• Data Presented in Texas House Public Education Committee Hearing on CSHB 1759 • IDRA Newsletter • May 2015 •
David Hinojosa, J.D., IDRA national policy director, presented expert testimony in April based on IDRA’s analysis of Committee Substitute House Bill 1759, put forth by state Rep. Jimmie Don Aycock, who chairs the House Public Education committee, in an attempt to improve the way Texas funds it public schools.
“We appreciate Chairman Aycock for taking the leadership role in presenting a school finance plan this session that seeks to put more resources into public education,” summarized Mr. Hinojosa. “Unfortunately, the plan fails to continue that trek toward greater equity and instead puts significantly greater resources, on average, in the wealthiest districts.”
IDRA’s analyses show that the measure fell short by:
- Increasing the inequitable funding between students in the poorest districts and those in the wealthiest districts;
- Failing to address the inadequate funding and opportunities for economically disadvantaged and English language learner students; and
- Failing to provide sufficient revenue to ease the tax burdens of several property-poor school districts taxing at or near the cap of $1.17.
In May, Representative Aycock withdrew his school finance plan to avoid the hours of debate that were expected as a result of various controversial features it contained. His proposal was one of two school finance proposals offered during this session following the Texas District Court ruling that the Texas school finance system violates the Texas Constitution, finding that the current funding system is “constitutionally inadequate, unsuitable and financially inefficient.”
In addition to Aycock’s proposal, Representatives Armando Walle, Mary Gonzalez and Diego Bernal have sponsored House Bill 3671, which would provide a far more equitable and adequate education for millions of Texas children than ever before. It would do so by:
- Increasing the basic allotment to amounts that more closely reflect the actual funding levels needed to provide a quality education in Texas;
- Increasing funding weights for low-income and English language learner students (for the first time in 30 years);
- Calling for a new cost study to guide future funding efforts particularly as they affect funding equity;
- Increasing efficiency in state funding by eliminating excessive enrichment reserved only for super-wealthy districts without creating an undue burden on the school children in those districts; and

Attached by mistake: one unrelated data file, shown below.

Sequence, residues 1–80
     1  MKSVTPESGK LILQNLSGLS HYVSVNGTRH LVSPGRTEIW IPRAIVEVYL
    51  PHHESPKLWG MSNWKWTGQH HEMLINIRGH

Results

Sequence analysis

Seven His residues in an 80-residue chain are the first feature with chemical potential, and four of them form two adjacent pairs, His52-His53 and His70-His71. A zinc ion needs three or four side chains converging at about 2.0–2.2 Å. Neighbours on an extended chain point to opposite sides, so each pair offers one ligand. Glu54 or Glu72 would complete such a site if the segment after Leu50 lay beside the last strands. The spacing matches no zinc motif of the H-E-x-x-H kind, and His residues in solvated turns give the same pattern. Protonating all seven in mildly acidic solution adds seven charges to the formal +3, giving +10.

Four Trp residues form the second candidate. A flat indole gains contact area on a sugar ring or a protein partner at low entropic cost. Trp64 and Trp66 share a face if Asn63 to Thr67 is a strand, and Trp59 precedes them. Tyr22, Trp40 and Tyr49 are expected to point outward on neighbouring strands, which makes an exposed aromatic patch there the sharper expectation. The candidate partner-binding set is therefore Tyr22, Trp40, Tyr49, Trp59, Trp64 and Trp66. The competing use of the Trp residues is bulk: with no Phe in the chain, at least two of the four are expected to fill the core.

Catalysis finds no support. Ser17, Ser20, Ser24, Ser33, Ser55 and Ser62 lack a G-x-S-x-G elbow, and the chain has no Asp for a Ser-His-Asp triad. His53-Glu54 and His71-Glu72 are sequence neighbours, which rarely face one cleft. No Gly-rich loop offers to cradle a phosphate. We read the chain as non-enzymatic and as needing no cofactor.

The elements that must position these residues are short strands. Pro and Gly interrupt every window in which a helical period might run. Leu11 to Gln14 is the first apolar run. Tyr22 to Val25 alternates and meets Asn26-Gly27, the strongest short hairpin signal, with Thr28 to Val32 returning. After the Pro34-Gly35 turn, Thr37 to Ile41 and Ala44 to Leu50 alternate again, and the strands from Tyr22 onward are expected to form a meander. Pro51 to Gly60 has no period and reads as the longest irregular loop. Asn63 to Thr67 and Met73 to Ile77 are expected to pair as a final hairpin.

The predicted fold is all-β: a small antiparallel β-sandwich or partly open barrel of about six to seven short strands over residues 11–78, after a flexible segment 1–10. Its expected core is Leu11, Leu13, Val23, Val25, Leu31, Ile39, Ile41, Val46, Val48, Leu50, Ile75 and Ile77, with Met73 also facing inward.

- Increasing transparency in how state funding is used in schools.
IDRA research has found that under the current funding system, there is $1,098 gap in per student spending between the 100 poorest and 100 wealthiest schools in the state. (see infographic)
This means that the richest school districts have about $27,450 more to spend per classroom to recruit and retain the most qualified teachers and maintain lower student to teacher ratios. They can offer advanced placement and dual credit courses and provide the counseling and academic supports to focus on college readiness. And by covering the cost of transportation and arts and music programs, they can engage students in all kinds of ways.
IDRA has provided expert testimony and analyses in every Texas school finance case dating back to the first Edgewood case in the 1980s through the more current Edgewood VI. In the latest case, Dr. Albert Cortez, IDRA director of policy, testified: “Low-income and minority students in Texas are more likely to be in under-resourced schools with limited access to quality teaching and curriculum. In Texas, the quality of schooling still seems to be markedly affected by the neighborhood in which you happen to reside.”
Research released at the IDRA José A. Cárdenas School Finance Fellows Program Symposium in February stressed the specific need for Texas to secure educational equity and excellence for English language learners in Texas secondary schools.
In analyzing any plan, the following minimal features must be assured:
- Fair funding now – There is not a need for complete restructuring of the school funding system. But Texas school funding must be equitable, provide for equal return for equal tax effort, and provide equitable access to excellent education (high quality curricula, teaching, support services, and facilities) for all students in all school districts.
- Features that maintain inequity and that have been hidden within the state funding system for decades need to be eliminated immediately – no more phasing out.
- Special population funding increases must be implemented now. After decades of neglect, Texas needs to increase funding for compensatory education and ELL weights to 40 percent, as supported by the research literature.
- Public funding must be reserved for public schools. Diverting public money away from public schools would do nothing to address the current crisis and would create dual school systems: one separate for the few and one under-funded for the many.
- Facilities funding priority should be given to public schools.
Dr. María “Cuca” Robledo Montecel, IDRA President, stated: “It is imperative that we have excellent and equitable education for all Texas school children. We call on policymakers to have the courage to do what it takes to invest in our state’s children. The future of us all depends on it.”
Comments and questions may be directed to IDRA at firstname.lastname@example.org.
[©2015, IDRA. This article originally appeared in the May 2015 IDRA Newsletter by the Intercultural Development Research Association. Permission to reproduce this article is granted provided the article is reprinted in its entirety and proper credit is given to IDRA and the author.]